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The Great War and WWII [1850-1980]

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Home: Military Comms: WWII SIGNAL LAMP
WWII SIGNAL LAMP

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WWII SIGNAL LAMP

Morse signalling lamp with a very narrow beam and a Morse key unit which can be mounted on a Helios tripod, like Item A1450, or staked in the ground.
For night time use filters are provided, also an aperture plate to reduce the light output.
The first time this model was produced was during the fist World War designed by George Lucas.

Your comments:

  • During the 1960s, Magdalen College School, Brackley in Northamptonshire, UK, had two of these signalling lamps which were used by their Boy Scout troop (2nd Brackley). We scouts would try to memorise the code in what I now know to be the worst-possible way -- by memorising lists of written dots and dashes instead of listening to dits and dahs (sounds). Anyhow, the signal lamps were an excellent way of testing a young scout's ability to interpret messages sent in Morse code. Our Scoutmaster then was a House Master at the school, and his surname was Bourneville-Jones. Everyone called him "Cocoa", because of Bourneville chocolate. Cocoa had been an Army officer before he was a teacher, and would ensure all the Boy Scouts had plenty of "square bashing" each year so we could march very smartly when we carried the flags into the School Chapel for the annual St George's Day parade and church services. Memories!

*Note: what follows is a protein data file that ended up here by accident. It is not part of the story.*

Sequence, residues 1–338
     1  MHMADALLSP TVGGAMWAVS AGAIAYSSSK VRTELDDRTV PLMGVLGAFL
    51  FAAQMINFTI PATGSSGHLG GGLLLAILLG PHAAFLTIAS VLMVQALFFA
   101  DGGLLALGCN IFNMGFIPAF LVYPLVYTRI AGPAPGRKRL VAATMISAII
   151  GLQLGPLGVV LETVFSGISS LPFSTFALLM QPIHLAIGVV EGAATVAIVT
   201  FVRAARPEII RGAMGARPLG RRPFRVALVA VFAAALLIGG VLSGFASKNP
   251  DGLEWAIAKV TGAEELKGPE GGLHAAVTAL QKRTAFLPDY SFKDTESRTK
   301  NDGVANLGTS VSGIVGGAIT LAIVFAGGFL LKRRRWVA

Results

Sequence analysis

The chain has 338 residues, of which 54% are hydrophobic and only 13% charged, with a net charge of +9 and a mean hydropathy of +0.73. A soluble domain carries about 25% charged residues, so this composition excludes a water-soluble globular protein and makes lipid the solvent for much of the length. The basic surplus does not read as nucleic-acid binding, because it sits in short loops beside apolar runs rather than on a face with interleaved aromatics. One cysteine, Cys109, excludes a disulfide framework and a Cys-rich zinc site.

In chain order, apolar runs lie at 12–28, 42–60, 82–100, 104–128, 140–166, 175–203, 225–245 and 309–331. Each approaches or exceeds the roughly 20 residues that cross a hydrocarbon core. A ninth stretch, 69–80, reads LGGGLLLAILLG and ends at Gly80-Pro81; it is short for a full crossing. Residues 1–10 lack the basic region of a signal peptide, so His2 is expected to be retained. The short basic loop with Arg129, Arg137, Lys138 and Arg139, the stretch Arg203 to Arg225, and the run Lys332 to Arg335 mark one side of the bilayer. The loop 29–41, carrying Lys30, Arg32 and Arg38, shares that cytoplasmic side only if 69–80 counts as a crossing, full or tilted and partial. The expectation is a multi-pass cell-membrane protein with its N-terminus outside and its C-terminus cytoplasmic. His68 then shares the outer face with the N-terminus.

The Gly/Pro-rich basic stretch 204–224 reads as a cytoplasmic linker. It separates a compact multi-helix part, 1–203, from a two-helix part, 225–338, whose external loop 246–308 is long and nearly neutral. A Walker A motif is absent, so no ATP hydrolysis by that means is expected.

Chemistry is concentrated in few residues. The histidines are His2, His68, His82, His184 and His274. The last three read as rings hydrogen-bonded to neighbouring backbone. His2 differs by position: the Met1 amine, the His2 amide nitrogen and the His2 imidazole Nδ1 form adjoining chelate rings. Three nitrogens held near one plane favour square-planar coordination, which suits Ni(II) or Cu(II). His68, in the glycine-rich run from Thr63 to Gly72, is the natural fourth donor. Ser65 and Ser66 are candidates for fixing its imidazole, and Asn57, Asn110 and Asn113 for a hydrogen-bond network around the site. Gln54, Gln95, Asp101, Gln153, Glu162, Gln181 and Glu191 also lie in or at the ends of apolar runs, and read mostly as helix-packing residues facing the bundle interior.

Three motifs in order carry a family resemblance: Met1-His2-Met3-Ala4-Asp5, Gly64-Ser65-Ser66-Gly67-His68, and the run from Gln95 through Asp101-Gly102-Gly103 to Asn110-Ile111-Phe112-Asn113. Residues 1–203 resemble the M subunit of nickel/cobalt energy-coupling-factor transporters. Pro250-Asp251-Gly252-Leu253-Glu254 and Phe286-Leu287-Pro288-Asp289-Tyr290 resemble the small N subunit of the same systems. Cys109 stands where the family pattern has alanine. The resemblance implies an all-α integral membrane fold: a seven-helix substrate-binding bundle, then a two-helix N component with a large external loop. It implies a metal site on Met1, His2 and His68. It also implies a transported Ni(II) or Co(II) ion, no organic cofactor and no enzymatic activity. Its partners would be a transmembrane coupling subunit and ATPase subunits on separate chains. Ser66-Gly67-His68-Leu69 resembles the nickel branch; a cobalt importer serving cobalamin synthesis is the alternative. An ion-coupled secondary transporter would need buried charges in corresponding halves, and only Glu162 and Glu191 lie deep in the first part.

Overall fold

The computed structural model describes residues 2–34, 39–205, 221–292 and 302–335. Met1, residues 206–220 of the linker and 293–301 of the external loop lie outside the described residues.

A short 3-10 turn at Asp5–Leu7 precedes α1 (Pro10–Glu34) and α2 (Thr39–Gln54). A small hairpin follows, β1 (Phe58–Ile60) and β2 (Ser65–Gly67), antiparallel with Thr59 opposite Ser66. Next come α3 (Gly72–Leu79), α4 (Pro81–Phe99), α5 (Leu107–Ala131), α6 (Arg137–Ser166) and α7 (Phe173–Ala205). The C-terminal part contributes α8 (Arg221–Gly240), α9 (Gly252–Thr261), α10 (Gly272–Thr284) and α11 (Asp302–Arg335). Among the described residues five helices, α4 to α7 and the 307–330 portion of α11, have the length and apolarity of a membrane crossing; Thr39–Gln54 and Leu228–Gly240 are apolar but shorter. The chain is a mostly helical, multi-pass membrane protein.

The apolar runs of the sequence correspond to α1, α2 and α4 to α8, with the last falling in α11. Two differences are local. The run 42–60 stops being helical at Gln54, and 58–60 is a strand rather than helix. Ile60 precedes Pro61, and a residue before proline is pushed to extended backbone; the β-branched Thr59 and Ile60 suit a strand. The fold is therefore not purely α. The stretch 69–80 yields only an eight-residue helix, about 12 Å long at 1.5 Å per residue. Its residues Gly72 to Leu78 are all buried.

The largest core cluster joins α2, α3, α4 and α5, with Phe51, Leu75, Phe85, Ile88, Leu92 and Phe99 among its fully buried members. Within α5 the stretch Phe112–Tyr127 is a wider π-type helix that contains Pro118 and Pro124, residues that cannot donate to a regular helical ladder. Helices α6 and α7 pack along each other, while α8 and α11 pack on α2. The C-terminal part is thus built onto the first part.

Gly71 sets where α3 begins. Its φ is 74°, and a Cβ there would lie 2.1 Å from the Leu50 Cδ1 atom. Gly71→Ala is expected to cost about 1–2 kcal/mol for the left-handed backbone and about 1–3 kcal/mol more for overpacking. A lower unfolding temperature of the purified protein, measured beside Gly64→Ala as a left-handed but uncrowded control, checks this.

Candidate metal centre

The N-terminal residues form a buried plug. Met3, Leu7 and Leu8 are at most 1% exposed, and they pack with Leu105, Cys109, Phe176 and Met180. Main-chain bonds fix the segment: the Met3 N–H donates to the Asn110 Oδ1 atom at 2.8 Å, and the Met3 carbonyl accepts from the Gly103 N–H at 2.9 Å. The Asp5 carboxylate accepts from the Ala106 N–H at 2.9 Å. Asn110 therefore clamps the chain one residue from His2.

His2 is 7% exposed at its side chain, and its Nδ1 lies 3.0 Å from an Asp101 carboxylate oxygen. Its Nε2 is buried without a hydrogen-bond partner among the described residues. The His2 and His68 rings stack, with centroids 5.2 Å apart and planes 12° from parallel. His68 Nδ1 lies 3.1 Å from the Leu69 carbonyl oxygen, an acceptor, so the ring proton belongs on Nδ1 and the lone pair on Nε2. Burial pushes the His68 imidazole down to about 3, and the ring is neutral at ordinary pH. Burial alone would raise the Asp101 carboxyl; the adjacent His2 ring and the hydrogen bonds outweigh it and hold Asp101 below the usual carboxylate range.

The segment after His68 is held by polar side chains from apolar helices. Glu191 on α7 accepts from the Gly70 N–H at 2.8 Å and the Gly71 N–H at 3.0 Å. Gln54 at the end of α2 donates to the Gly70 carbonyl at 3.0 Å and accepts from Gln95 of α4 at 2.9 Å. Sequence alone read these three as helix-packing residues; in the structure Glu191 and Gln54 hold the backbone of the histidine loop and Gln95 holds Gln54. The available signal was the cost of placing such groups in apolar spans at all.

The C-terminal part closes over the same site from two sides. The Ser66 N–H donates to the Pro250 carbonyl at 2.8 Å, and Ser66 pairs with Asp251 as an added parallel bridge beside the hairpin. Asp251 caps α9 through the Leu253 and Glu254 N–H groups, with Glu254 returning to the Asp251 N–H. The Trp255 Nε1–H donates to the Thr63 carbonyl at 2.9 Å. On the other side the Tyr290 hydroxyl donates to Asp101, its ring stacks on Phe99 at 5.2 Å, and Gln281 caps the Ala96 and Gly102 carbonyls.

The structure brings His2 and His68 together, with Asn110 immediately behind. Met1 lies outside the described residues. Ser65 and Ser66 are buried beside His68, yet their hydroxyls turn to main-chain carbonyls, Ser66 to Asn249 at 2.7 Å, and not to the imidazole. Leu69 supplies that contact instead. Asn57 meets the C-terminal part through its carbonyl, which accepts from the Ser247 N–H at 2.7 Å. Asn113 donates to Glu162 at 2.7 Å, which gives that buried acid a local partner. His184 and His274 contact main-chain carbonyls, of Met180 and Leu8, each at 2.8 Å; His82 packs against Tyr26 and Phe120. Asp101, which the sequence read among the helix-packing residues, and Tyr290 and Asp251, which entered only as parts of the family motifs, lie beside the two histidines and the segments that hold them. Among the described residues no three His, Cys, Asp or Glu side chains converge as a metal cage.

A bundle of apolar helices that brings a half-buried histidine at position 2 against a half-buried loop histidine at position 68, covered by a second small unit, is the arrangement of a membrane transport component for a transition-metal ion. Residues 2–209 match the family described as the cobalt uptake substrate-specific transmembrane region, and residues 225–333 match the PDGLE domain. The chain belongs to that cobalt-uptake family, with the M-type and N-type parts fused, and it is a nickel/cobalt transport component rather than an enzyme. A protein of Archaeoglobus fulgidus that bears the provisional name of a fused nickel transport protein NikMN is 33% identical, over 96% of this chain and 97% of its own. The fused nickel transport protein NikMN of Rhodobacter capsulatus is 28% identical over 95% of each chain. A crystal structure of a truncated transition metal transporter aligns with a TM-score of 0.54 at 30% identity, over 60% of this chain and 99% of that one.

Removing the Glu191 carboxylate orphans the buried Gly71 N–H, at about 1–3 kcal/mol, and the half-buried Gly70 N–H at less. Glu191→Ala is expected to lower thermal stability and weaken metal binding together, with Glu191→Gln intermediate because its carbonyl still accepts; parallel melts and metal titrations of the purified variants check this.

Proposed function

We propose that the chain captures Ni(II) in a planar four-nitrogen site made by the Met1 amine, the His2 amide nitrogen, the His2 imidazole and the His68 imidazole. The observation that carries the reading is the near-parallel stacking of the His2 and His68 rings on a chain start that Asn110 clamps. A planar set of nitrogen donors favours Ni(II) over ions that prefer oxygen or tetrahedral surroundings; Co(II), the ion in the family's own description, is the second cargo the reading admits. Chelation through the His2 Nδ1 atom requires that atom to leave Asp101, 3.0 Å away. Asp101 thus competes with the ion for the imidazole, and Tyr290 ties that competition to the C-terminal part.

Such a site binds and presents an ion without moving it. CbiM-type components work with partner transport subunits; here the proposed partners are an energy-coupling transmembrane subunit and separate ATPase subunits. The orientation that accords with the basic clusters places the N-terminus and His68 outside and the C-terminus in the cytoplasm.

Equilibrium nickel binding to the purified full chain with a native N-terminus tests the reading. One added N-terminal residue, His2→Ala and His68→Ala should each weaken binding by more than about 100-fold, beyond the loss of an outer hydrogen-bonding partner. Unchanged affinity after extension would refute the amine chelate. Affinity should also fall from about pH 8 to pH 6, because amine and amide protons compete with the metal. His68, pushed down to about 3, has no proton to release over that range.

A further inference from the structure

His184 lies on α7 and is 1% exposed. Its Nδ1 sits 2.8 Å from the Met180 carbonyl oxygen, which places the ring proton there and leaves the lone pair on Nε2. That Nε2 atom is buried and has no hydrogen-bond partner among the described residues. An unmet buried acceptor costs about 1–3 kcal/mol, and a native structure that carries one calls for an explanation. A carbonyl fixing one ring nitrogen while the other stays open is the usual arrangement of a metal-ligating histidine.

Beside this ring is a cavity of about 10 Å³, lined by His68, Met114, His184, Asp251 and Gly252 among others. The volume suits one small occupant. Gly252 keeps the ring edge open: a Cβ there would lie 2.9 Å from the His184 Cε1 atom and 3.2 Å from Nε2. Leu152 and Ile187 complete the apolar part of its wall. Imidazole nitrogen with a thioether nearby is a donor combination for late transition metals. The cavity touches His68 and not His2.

.......... David Harvey, VK2DMH, Australia, 10th of November 2013

  • My father bought me a new one around 1952 when I was 7/8 yards old, I had hours of fun with it , unfortunately being a young boy I did not take care of it as I should have done and used to use the 3 part metal spike as a spear which I eventually lost. This item is one of my 'toys' that I bitterly regret not taking care of. I bet the 9volt battery is hard to get nowadays.
    .......... Michael Gilmore, Leeds, England, 30th of August 2013

  • I have two of these sets, and use them every year to demonstrate Morse signalling to Scouts at the annual Jamboree On The Air. I also have a small number of spare bulbs, which are becoming as rare as hens' teeth.
    .......... Phil Harris G4SPZ, Bewdley, UK, 16th of October 2011

  • Hi - great to see this listed. I have one with all accessories and war-release leaflets. I got is as a boy and have kept it ever since.
    .......... John Jones, Northampton, 26th of February 2011

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2007 The Museum of Technology the Great War and WWII

Company registered in England No. 7452160, Registered Charity No. 1140352, Accredited Museum No. 2221 Status: Fully Accredited